There's a warning Christians in central Asia are facing persecution.
The charity Release International has linked this to a rise in Islamic nationalism across central Asia in places like Tajikistan.
Pastor Batyr fled Turkmenistan after being arrested and tortured 18-years-ago for talking about Jesus.
Speaking through a translator, he told Release the situation there remains tough.
"The totalitarian control over all leaders and churches goes on.
"Freedom of movement and freedom to preach the gospel is not allowed. Turkmen and Uzbek churches never get official registration and the state doesn't want to recognise Christians."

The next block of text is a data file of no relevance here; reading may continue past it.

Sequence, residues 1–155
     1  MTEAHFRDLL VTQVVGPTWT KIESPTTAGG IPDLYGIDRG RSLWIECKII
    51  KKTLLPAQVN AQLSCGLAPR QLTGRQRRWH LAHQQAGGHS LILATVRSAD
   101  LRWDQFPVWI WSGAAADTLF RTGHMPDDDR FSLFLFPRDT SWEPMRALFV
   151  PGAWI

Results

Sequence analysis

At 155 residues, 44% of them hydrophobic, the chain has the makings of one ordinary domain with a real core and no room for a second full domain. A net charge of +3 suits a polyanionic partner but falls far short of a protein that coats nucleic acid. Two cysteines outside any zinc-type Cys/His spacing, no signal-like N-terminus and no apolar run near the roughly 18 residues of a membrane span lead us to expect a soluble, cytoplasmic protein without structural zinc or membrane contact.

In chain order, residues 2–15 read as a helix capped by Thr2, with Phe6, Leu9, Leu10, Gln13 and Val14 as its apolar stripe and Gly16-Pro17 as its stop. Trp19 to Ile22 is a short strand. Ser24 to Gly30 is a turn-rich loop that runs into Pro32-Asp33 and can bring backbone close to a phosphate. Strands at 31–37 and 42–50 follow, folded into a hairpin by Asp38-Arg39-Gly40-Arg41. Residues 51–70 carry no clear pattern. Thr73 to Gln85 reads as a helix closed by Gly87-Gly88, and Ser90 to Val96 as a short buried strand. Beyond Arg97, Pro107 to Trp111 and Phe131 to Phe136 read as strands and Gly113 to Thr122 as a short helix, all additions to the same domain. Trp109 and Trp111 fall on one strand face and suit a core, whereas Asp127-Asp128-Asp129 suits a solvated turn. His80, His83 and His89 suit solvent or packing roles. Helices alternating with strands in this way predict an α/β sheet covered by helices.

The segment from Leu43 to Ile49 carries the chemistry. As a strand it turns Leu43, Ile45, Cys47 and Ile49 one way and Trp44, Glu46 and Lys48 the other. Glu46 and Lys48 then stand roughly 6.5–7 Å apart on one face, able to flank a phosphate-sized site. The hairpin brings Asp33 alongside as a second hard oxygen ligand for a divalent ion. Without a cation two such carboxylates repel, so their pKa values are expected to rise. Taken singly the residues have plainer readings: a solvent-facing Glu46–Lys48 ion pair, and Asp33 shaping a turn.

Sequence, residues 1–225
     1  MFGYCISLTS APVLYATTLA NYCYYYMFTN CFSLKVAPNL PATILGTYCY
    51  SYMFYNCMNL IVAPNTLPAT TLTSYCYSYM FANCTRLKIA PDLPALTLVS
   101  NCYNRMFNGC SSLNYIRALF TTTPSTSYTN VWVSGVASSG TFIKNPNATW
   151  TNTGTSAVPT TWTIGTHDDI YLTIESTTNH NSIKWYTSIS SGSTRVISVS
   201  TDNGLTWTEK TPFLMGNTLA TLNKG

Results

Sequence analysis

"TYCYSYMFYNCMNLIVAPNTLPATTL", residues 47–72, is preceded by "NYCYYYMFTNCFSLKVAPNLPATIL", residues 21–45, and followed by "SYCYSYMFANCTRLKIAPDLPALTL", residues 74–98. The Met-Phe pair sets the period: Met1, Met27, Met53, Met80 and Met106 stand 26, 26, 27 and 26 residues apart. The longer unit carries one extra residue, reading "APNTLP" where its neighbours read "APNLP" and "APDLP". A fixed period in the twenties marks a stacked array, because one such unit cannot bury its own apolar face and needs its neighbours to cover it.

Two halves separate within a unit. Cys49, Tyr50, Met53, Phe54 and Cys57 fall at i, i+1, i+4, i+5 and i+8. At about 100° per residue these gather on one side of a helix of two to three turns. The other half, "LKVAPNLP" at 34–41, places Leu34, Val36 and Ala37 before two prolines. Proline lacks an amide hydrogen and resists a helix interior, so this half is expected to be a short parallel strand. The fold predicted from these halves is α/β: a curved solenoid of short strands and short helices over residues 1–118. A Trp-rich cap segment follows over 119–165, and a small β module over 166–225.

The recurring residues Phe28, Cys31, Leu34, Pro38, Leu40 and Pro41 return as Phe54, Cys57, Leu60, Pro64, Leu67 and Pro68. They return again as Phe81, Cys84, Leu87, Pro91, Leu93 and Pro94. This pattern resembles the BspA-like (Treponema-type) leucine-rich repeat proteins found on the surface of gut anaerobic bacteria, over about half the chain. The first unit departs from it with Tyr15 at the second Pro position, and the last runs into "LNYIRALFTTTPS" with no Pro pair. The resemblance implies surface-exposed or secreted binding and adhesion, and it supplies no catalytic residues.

Security police in Tajikistan arrested and fined ten Christians last for handing out gospel literature.
Release International said the group had gone to the Pamir Mountains to give out tracts and were fined about £750 - more than most Tajiks would earn in six months.
In neighbouring Kazakhstan, a new religious survey has found that 263 people were punished in 2017 for hosting religious meetings, offering religious literature and other offences.
The authorities prosecuted 30 Christians for sharing their beliefs, according to Forum 18. Most of those prosecuted for 'religious crimes' were Protestants.
Highlighting the persecution Muslim converts face, Pastor Batyr said: "We become enemies of the people.
"They [Muslim converts] suffer more than all and are persecuted more than all."
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